After Wednesday’s surprising news regarding the retirement of Associate Justice Anthony Kennedy from the Supreme Court, Donald Trump could cement himself as a conservative icon with a selection of a second justice that will seismically swing the High Court to his favor. This comes on the heels of his 2017 nomination of Justice Neil Gorsuch, who just completed his first year on the Court and is already establishing himself as a committed originalist.
Kennedy, a civil libertarian, is stepping down before the 2018 midterm elections, allowing the President sufficient time to nominate under a secured Republican-majority Senate. Kennedy left a lasting impression on the Court and, if Trump’s selection bodes well, Trump could leave an even larger one.
The legacy Kennedy left is an ideological shift. According to Anthony Kennedy, “At the heart of liberty is the right to define one’s own idea of existence, of meaning, of the universe, and of the mystery of human life.” This statement continues what conservative legal scholar Robert George called the Nietzscheanization of the Supreme Court, a belief first touted by Oliver Wendell Holmes that replaces objective morality with personal values at the judicial level. This will ultimately be Kennedy’s legacy.
For evidence, look no further than the Obergefell case of 2015, which might be described as the most far-reaching decision to date on which Kennedy’s aforementioned modus operandi was put into full political effect, consequences be damned.
While Justice Anthony Kennedy’s views have made contesting the left’s increasingly radicalized apprehension of sovereignty and freedom nearly impossible, Kennedy is stepping down just as the Western liberal project is at its most volatile. In 1987, Reagan could not achieve a total right-wing takeover of the highest court, because of a growing secular zeitgeist. Thirty years onward, liberal monopolization of the culture is considerably more pervasive and yet Trump has the opportunity to achieve a victory that Reagan couldn’t.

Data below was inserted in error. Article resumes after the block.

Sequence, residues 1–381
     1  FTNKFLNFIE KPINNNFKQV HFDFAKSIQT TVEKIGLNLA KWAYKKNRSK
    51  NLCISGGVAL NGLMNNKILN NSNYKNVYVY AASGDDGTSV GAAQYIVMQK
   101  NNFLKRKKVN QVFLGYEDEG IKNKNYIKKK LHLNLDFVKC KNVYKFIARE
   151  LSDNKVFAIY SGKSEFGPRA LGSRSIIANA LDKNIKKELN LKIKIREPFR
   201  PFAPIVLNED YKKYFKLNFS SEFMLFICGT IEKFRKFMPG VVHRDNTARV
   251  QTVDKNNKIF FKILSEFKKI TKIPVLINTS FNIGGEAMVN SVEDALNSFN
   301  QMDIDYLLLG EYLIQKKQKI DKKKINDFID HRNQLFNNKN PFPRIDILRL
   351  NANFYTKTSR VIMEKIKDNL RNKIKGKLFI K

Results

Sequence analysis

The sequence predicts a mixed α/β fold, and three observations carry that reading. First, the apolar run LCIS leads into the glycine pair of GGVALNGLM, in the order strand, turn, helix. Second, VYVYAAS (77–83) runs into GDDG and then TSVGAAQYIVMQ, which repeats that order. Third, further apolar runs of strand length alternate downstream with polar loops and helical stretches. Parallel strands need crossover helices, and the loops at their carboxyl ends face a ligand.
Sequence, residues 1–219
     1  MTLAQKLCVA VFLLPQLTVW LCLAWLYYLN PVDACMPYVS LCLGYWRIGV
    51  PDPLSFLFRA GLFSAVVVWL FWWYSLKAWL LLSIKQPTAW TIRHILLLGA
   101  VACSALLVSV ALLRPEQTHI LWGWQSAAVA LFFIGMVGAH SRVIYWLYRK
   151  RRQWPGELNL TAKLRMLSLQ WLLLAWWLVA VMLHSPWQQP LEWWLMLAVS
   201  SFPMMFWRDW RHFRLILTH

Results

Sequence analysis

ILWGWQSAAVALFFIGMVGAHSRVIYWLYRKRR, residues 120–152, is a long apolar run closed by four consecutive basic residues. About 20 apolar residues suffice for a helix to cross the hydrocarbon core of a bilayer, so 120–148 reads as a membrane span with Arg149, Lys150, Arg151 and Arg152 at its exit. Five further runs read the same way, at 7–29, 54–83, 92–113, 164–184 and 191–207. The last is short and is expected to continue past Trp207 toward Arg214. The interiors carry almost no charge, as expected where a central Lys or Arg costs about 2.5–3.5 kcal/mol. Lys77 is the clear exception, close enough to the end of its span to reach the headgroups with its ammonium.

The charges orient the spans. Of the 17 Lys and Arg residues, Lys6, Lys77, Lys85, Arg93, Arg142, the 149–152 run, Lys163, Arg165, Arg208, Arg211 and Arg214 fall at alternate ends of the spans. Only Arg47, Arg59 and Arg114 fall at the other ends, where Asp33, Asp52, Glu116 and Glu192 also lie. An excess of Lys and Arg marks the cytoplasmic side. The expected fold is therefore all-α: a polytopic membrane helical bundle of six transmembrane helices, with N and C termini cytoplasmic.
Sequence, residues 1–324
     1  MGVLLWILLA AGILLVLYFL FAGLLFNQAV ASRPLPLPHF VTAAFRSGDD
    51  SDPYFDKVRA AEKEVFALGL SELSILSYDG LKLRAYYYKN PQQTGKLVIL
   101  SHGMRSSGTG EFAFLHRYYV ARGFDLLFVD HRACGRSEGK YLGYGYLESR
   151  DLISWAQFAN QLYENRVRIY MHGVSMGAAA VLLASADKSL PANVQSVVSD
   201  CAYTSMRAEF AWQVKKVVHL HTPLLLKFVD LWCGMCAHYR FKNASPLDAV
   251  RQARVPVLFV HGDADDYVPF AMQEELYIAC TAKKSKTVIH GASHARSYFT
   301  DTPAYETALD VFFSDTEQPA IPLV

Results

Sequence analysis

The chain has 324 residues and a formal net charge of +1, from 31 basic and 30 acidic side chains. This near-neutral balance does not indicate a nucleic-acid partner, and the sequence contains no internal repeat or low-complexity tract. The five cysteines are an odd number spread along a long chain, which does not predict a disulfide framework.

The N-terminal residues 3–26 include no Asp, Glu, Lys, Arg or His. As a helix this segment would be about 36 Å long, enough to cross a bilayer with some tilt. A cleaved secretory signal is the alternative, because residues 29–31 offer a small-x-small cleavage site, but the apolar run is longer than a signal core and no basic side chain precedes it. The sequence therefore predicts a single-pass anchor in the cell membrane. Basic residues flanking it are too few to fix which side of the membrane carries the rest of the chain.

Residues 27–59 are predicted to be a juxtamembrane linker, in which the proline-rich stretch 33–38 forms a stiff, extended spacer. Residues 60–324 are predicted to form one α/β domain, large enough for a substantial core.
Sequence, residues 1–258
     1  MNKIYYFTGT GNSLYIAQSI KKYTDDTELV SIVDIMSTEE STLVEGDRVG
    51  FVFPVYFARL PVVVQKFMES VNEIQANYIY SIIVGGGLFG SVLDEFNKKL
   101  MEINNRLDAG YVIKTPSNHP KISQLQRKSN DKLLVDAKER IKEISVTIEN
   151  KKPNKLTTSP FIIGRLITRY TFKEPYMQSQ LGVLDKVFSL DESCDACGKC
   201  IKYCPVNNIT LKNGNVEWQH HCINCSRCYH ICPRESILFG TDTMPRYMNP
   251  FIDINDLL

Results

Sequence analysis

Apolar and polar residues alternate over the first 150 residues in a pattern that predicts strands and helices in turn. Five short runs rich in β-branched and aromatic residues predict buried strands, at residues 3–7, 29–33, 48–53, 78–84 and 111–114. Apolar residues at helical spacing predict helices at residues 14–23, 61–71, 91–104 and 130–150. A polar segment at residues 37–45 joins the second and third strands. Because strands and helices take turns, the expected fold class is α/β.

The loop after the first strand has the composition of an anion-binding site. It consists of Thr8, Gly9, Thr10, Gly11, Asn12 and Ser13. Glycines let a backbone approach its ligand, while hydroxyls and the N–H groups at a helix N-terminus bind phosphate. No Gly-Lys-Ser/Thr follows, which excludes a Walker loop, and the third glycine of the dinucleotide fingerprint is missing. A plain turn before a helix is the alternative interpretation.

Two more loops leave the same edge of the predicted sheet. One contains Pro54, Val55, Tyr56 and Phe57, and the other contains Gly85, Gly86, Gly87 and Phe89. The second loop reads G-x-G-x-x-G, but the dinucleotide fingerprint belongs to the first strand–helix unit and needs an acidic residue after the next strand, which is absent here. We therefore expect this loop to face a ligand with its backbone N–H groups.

Kennedy must realize that if Trump nominates anyone even remotely in the vein of Neil Gorsuch, his legacy, his promotion of Nietzschean ideals, hangs in limbo. Even more, he must face a desecrated citizenry that has had to deal with the disastrous effects this decision wrought.
Maybe Kennedy believes our ship will continue to navigate the seas of nihilism and self-created values for years more; that certainly would protect the crux of his legacy. However, political events, responding to the exceedingly heterodox view about liberty created by Kennedy and co., have their way of reorienting— violently, if necessary— us back to the shores of ordered, natural law. No political regime, particularly one long stricken by the disease Kennedy helped impart, can sustain anchored by nothing more than nihilistic gobbledegook.
Which, lastly, brings us back to President Trump— who, despite negotiating a much more compromised culture than Ronald Reagan, has the means to establish the conservative court his predecessor could only dream of. Plenty of time, a Republican-majority senate, and a schizophrenic political opponent in the liberal left make for a perfect storm of possibilities to engender an authentically conservative Supreme Court. If President Trump delivers (and all indicators seem to be in his favor), certainly be on the lookout for even more sizable changes to the polity than even the ones heralded by the Neil Gorsuch court of the most recent term.
Conservatives have all the pieces with a (truly) five-member conservative majority to deal blows for constitutional law and undo the radical libertarianism concocted by Anthony Kennedy. This would cement President Trump as the most influential architect of Constitutional Law in the modern era. The cards are well stacked in favor of Republicans; it’s absolutely imperative that conservatives capitalize on this opportunity.